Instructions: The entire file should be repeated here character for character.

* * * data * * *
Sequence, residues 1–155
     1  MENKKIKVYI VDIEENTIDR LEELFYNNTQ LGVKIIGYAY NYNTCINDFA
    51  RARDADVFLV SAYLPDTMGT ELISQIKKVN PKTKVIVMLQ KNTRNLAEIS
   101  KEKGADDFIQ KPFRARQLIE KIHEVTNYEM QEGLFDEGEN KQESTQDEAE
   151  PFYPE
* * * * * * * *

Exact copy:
Sequence, residues 1–155
     1  MENKKIKVYI VDIEENTIDR LEELFYNNTQ LGVKIIGYAY NYNTCINDFA
    51  RARDADVFLV SAYLPDTMGT ELISQIKKVN PKTKVIVMLQ KNTRNLAEIS
   101  KEKGADDFIQ KPFRARQLIE KIHEVTNYEM QEGLFDEGEN KQESTQDEAE
   151  PFYPE